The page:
Memorial Website of Ignaz Goldziher
“He acquired fame, respectability and credit for Hungarian scholarship”
Goldziher’s relationship with the Hungarian Academy of Sciences began at a very young age, and proceeded along a reasonably balanced and smooth path. In 1876 he became Corresponding Member, in 1892 Ordinary Member, and in 1905 he was elected President of Section I. In 1911 he became member of the Board of Directors. In the International Association of Academies, he represented the Academy, and was often delegated to international congresses.
From 1869, he regularly published in the Academic Transactions, which also carried texts of his lectures at the Academy’s meetings, as well as his official and technical reports. Some of his studies, and later his book reviews, appeared in the Budapest Review, a journal under the aegis of the Academy, and the Academy also published his works in Hungarian. He took an active part in academic meetings and other programs, sometimes he acted as the president.
He had close connections with the Library of the Academy. On his study trip to Cairo in 1874, he helped to expand the holdings of the library by purchasing important books. He wrote the first report on the Hebrew manuscripts and books in the David Kaufmann Collection, and one could always count on his expertise when cataloguing books in Semitic languages.
In August 1919, the rising tide of antisemitism reached the groves of Academe. As a reaction to the speech of one of his fellow members at the justificatory plenary session he resigned from office as President of Session I, as he felt compelled to take upon himself the antisemitic attack against his co-religionists.
When Goldziher died, his funeral bier was placed in the portico of the Academy, and the Secretary General eulogized the scholar who “earned international recognition in several divisions of learning with more than five decades of valuable, serious, and quiet scientific work”. The funeral procession started from there to accompany him on his final journey.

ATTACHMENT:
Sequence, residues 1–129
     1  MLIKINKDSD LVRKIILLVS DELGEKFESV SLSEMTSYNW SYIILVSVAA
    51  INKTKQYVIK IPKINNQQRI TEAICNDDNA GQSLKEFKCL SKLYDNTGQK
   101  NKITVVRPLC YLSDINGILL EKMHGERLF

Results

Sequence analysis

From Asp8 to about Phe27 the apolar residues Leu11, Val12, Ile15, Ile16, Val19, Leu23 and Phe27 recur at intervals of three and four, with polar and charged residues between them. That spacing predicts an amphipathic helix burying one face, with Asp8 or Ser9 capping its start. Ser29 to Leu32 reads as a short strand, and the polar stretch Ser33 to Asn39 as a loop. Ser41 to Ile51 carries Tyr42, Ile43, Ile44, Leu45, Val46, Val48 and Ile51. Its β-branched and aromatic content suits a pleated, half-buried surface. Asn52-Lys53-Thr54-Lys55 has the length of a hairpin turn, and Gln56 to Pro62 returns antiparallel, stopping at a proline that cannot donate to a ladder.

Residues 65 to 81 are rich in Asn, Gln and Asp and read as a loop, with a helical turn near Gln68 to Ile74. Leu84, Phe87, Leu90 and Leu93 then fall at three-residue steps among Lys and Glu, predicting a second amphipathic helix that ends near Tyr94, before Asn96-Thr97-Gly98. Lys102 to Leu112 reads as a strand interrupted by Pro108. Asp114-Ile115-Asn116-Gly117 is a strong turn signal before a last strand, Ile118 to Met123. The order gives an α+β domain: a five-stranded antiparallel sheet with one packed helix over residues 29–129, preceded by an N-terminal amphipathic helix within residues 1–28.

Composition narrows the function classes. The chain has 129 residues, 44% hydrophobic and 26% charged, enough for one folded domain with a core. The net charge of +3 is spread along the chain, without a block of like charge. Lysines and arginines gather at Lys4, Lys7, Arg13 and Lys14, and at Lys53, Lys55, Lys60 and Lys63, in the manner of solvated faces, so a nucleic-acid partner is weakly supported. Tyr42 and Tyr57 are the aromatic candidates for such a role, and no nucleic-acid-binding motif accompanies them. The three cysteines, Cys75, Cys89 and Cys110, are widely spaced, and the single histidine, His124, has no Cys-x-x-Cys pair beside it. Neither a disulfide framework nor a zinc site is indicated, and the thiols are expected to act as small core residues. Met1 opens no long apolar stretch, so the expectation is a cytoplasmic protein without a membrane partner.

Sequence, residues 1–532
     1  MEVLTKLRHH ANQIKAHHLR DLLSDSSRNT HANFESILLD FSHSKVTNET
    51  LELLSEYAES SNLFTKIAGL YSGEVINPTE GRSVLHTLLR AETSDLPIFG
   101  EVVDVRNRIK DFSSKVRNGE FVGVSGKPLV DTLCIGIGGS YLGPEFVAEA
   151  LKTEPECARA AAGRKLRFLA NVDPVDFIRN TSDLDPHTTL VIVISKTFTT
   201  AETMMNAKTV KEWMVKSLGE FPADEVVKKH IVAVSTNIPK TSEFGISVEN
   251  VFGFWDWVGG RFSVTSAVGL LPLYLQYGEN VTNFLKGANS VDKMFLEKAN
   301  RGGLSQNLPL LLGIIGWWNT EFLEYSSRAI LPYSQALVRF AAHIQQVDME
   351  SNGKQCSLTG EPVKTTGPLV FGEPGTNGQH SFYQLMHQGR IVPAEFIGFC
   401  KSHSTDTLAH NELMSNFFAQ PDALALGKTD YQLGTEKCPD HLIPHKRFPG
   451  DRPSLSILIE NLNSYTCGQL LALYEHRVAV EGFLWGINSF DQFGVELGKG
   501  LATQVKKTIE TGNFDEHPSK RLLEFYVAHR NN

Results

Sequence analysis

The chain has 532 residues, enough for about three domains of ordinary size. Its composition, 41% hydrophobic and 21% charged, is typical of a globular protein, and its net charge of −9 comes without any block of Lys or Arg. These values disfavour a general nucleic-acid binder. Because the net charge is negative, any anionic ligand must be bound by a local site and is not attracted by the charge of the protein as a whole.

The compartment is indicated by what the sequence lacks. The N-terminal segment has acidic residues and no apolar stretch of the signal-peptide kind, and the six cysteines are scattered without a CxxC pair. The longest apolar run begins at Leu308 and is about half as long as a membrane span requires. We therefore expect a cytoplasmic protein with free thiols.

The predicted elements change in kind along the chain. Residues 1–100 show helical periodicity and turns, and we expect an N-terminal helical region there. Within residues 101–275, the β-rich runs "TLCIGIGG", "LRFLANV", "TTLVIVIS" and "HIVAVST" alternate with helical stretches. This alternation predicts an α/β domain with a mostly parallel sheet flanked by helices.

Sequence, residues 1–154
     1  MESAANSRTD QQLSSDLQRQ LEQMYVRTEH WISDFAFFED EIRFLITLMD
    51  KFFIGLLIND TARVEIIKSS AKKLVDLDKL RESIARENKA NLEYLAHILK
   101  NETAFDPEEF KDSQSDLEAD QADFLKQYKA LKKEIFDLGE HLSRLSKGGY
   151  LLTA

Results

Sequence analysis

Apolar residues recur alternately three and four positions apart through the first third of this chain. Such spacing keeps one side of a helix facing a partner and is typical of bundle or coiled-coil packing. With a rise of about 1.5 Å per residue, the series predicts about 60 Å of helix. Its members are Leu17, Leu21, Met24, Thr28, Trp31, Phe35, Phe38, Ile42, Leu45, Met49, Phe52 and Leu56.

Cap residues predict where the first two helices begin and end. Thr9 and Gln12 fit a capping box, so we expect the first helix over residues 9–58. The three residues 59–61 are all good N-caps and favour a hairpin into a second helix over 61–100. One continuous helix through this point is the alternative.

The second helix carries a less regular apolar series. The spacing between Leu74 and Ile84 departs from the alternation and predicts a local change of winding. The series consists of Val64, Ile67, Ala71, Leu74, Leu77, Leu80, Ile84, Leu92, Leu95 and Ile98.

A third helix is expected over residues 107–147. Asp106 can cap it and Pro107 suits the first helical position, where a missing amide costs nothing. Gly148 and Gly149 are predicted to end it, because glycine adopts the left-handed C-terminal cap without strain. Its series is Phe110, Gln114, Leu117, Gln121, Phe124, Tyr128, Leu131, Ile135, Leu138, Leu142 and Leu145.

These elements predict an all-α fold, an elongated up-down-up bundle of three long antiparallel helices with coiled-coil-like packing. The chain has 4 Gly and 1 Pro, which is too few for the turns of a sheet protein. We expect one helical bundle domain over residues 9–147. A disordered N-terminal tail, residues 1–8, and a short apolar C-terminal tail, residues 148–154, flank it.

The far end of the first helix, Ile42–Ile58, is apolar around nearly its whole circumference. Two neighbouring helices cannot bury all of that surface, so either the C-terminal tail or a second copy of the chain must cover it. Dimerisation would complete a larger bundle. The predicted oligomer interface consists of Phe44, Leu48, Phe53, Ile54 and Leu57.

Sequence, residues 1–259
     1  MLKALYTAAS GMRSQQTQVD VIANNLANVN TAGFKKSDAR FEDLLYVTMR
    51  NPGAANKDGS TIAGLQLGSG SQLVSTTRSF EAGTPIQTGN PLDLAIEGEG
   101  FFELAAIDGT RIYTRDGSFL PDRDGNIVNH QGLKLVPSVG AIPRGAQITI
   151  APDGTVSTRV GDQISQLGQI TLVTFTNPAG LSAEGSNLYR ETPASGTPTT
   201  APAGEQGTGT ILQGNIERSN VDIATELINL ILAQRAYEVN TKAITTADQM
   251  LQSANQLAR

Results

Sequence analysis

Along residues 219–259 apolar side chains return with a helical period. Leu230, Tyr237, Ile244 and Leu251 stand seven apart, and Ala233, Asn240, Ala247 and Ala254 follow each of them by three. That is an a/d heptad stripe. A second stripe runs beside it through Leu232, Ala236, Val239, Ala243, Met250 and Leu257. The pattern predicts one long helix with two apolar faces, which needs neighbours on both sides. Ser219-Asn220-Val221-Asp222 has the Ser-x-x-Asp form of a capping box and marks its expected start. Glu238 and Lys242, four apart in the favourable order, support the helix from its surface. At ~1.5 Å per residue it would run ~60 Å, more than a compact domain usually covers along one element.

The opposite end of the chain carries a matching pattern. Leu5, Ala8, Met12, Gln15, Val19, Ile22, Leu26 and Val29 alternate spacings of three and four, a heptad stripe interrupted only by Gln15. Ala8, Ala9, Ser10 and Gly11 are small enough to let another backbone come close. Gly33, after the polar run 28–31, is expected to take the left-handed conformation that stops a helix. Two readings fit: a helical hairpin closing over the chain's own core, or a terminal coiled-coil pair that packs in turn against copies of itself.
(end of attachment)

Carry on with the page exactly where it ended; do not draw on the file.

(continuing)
The Academy invited Sir Aurel Stein to deliver the memorial speech. Stein, an external member of the Academy, was an archaeologist-explorer who achieved remarkable success in studying the Silk Road and had had close friendly contacts with Goldziher since childhood. This obituary was not written, but Stein did arrange that the collection of Goldziher’s handwritten notes and correspondence donated to the Academy be supplemented with copies of the letters by Theodor Nöldeke (1836–1930), deposited at Tübingen.
To accommodate the bequest, the Academy opened a Goldziher-room on the 8th of October 1933. Since 2012 the complete correspondence has been made accessible through the Library’s online catalogue in digital format, not only for experts but for the public at large.
The correspondence of Theodor Nöldeke and Ignaz Goldziher who exchanged several hundred letters with each other.
Entire text in REAL-MS repository
The correspondence of Ignaz Goldziher has been available in a digitised form since 2012 in the online catalogue of the Library of the Hungarian Academy of Sciences.
Catalogue of the letters
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